Table of Contents
If you’ve read a lot of Seth Godin’s work, this book won’t be eye-opening. This book feels like a summary of Purple Cow, The Dip, and Tribes.
The market decides #
Marketing is the act of making change happen. Making is insufficient.
On getting the word out (precisely the wrong question) #
How you’ll be discovered is the last part.
Marketing in five steps #
Invent a thing worth making, with a story worth telling.
Design and build it in a way that a few people will particularly benefit from and care about.
Tell a story that matches the built-in narrative and dreams of that tiny group of people.
Spread the word.
Show up—regularly, consistently, and generously, for years and years.
Case Study: VisionSpring - Selling glasses to people who need them #
We changed the story from “Here’s an opportunity to shop, to look good, to regain your sight, to enjoy the process, to feel ownership from beginning to end” to “Do you want us to take away what you have, or do you want to pay to keep the glasses that are already working for you?”
The way we make things better is by caring enough about those we serve to imagine the story that they need to hear.
That riff about the quarter-inch drill bit #
People don’t want to buy a quarter-inch drill bit. They want a quarter-inch hole.
The drill bit is merely a feature, a means to an end, but what people truly want is the hole it makes.
Actually, what they want is how they’ll feel once they see how uncluttered everything is, when they put their stuff on the shelf that went on the wall, now that there’s a quarter-inch hole.
They also want the satisfaction of knowing they did it themselves.
People don’t want to buy a quarter-inch drill bit. They want to feel safe and respected.
People don’t want what you make. They want what it will do for them. They want the way it will make them feel.
Market-driven: Who’s driving the bus? #
When you’re market-driven, you think a lot about the hopes and dreams of your customers and their friends. You listen to their frustrations and invest in changing the culture.
Being market-driven lasts.
The myth of rational choice #
The bet you’d be better off making is: “When in doubt, assume that people will act according to their current irrational urges, ignoring information that runs counter to their beliefs, trading long-term for short-term benefits and most of all, being influenced by the culture they identify with.”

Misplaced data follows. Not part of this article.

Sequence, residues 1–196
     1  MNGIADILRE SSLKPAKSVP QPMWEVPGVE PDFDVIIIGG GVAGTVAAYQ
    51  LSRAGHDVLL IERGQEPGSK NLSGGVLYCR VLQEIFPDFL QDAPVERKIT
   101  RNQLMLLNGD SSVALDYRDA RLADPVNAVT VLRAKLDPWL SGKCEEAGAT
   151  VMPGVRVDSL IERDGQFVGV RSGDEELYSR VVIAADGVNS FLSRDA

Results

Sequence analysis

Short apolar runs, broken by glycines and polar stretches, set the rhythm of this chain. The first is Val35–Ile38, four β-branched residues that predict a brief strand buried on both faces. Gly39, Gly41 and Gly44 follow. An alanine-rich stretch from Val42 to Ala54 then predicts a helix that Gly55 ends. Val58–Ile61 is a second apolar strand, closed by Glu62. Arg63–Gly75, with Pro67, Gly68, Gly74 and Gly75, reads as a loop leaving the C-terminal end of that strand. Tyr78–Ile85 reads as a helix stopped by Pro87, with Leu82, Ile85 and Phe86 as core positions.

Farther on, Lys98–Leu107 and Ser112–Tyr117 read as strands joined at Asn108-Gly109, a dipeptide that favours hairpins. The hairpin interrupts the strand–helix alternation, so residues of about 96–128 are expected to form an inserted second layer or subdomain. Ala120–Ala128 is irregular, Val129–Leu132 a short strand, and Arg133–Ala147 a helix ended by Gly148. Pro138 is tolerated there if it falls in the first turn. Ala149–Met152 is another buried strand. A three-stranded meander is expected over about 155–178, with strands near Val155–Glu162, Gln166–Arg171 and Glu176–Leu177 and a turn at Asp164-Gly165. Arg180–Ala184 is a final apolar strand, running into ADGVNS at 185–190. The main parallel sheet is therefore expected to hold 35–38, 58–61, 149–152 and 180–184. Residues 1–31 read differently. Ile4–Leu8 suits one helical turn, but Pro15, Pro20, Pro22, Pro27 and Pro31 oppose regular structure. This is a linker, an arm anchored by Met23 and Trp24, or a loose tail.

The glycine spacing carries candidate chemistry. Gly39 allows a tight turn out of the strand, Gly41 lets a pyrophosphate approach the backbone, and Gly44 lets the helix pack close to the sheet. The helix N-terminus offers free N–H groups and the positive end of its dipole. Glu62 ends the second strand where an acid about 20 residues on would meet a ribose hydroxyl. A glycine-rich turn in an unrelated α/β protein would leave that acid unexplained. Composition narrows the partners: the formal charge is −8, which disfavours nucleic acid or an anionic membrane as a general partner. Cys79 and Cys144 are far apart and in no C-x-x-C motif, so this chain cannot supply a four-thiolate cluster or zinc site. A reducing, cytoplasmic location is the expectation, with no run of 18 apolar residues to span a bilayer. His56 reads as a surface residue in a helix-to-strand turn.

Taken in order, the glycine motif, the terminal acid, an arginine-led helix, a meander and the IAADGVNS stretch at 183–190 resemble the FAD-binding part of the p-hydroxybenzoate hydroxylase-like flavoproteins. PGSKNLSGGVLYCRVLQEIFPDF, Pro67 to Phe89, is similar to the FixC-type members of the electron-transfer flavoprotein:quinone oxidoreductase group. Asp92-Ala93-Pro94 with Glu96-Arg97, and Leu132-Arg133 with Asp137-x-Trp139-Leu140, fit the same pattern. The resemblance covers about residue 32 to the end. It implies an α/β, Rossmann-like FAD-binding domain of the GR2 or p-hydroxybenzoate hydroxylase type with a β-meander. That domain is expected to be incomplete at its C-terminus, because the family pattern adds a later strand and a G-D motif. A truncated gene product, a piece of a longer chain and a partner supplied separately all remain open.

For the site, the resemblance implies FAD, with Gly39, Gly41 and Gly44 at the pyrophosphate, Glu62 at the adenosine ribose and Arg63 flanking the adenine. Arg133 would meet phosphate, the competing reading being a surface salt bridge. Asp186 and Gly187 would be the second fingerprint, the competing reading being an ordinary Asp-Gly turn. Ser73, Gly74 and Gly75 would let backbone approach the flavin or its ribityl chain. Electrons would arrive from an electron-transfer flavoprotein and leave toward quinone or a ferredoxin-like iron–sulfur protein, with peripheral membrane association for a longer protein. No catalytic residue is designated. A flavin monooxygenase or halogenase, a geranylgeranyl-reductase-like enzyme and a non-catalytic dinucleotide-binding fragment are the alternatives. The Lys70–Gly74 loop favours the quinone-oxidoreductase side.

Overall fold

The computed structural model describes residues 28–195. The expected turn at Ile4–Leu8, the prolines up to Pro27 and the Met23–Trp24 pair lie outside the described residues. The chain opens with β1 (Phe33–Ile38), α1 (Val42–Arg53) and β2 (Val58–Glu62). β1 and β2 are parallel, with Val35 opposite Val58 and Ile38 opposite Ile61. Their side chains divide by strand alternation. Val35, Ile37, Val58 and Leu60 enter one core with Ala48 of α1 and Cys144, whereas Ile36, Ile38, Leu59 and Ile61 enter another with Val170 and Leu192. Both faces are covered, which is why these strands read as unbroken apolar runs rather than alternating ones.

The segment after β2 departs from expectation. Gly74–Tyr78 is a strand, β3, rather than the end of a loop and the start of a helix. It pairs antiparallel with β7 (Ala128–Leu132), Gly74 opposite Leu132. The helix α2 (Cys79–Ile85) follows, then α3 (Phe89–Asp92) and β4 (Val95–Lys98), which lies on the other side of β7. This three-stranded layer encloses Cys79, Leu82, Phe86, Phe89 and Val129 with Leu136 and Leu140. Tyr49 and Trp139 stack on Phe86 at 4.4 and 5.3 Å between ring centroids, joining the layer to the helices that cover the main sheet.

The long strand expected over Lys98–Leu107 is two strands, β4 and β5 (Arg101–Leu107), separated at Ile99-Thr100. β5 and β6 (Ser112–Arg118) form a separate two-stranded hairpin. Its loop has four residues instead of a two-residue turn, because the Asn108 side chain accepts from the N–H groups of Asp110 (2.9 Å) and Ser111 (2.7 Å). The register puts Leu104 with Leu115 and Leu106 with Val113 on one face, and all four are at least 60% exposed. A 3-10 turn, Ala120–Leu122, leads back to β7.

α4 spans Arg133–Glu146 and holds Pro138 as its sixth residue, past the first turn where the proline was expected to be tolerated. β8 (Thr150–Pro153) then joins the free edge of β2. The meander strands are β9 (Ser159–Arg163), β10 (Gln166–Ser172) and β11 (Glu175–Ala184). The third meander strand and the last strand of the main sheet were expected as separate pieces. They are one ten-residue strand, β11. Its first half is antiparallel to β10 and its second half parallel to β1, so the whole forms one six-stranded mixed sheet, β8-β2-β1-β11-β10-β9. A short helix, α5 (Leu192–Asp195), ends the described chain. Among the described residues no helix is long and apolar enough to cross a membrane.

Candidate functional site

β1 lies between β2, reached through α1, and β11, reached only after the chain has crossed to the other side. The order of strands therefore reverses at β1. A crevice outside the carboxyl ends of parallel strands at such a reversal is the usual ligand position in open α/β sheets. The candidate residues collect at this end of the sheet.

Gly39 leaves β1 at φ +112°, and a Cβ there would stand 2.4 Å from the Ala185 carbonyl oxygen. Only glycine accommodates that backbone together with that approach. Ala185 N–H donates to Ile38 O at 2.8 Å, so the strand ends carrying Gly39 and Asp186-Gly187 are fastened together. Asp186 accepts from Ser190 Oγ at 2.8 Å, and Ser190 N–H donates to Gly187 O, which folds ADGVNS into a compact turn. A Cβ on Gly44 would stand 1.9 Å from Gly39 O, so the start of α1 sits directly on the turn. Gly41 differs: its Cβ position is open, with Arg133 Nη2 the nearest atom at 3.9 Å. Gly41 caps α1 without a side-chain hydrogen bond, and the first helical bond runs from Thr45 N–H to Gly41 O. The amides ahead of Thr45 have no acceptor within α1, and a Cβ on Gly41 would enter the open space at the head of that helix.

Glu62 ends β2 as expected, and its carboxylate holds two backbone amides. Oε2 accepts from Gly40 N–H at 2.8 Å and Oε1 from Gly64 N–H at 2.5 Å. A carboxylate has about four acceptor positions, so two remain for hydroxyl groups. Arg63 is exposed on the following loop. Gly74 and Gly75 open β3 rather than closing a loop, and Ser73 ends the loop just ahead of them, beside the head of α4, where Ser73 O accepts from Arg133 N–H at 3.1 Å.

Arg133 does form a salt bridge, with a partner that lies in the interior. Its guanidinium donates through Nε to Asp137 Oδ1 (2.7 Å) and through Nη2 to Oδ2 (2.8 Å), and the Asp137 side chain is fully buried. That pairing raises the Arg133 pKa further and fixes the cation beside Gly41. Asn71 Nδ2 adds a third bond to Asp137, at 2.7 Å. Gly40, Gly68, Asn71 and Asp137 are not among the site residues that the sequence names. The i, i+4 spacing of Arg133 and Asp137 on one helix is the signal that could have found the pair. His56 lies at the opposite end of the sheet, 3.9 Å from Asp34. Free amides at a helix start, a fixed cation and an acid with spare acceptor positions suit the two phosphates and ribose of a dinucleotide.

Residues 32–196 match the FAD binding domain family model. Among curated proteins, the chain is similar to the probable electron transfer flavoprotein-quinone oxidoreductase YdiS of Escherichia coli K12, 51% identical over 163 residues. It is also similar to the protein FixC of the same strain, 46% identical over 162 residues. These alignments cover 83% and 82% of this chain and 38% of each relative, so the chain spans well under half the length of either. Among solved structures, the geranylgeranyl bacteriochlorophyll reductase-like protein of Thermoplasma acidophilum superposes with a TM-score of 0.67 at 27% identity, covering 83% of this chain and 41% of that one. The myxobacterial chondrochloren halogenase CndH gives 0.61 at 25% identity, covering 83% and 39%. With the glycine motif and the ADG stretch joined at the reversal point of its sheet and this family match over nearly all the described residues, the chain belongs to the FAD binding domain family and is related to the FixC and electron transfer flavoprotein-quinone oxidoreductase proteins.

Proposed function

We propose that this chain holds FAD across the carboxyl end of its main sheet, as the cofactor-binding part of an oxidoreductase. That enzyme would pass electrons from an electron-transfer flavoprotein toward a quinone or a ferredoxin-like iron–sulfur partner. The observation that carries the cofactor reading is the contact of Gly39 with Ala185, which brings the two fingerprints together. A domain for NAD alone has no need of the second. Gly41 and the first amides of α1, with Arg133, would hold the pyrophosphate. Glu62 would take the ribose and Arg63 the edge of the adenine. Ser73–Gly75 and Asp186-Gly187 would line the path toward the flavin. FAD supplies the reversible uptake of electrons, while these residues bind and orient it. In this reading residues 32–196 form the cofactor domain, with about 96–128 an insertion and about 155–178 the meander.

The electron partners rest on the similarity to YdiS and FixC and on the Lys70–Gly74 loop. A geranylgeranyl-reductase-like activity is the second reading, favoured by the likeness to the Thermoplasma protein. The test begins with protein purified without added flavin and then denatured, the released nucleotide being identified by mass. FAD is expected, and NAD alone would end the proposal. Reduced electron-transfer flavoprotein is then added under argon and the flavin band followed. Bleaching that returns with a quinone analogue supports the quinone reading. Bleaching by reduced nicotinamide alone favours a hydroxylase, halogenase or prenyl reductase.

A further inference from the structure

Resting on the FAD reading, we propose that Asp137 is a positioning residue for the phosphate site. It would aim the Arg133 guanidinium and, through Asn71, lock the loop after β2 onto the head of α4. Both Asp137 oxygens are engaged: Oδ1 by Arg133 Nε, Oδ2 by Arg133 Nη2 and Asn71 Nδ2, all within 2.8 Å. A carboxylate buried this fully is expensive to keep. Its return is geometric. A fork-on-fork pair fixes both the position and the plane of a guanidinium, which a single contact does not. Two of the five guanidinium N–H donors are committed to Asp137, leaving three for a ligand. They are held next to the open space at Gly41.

What promise are you making? #
The promise isn’t the same as a guarantee. It’s more like, “If this works for you, you’re going to discover . . .”
Worldviews and personas #
If you have to choose a thousand people to become your true fans, who should you choose? Begin by choosing people based on what they dream of, believe, and want, not based on what they look like.
In other words, use psychographics instead of demographics.
Specific is a kind of bravery #
Organize your project, your life, and your organization around the minimum.
A simple one-word transformation #
Perhaps instead of talking about prospects and customers, we could call them your “students” instead.
The simple marketing promise #
My product is for people who believe ****_****. I will focus on people who want ****_****. I promise that engaging with what I make will help you get ****_****.
Authenticity versus emotional labor #
Emotional labor is the work of doing what we don’t feel like doing.
If you need to be authentic to do your best work, you’re not a professional,
Who’s talking? #
The goal isn’t to personalize the work. It’s to make it personal.
The Canvas of Dreams and Desires #
When you’re marketing change, you’re offering a new emotional state, a step closer to the dreams and desires of your customers, not a widget.
What do people want? #
If you ask them, you probably won’t find what you’re looking for. You certainly won’t find a breakthrough. It’s our job to watch people, figure out what they dream of, and then create a transaction that can deliver that feeling.